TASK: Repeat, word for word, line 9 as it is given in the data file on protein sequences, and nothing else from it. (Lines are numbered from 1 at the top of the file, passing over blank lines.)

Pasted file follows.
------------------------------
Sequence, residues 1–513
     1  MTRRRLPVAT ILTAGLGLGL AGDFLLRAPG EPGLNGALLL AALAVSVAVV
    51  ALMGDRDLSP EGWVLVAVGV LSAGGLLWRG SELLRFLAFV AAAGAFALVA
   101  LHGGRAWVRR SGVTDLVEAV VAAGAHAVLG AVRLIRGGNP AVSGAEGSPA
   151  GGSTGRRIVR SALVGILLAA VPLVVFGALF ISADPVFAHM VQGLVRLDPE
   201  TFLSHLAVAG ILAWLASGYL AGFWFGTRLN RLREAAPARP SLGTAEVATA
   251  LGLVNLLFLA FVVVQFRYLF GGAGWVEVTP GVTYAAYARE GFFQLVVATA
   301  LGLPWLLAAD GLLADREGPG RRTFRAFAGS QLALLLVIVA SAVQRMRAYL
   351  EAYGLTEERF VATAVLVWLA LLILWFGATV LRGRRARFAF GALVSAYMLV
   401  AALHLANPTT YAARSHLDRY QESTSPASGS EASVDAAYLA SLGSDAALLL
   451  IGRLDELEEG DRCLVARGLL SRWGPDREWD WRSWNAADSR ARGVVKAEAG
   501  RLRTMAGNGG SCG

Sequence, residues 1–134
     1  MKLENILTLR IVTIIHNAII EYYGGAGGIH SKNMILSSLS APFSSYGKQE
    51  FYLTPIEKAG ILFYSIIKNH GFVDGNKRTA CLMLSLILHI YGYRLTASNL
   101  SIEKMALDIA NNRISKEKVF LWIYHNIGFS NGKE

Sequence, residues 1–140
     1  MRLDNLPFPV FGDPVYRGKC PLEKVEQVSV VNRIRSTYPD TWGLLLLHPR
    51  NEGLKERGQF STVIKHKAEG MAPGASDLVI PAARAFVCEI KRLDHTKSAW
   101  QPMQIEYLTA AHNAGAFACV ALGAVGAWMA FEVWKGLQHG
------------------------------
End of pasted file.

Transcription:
   351  EAYGLTEERF VATAVLVWLA LLILWFGATV LRGRRARFAF GALVSAYMLV